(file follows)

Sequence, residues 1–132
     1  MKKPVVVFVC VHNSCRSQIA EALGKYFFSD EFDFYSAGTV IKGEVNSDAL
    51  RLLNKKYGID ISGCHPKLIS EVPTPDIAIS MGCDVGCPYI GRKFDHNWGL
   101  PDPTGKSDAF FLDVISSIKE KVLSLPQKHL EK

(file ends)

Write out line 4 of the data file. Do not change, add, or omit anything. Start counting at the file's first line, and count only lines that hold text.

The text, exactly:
   101  PDPTGKSDAF FLDVISSIKE KVLSLPQKHL EK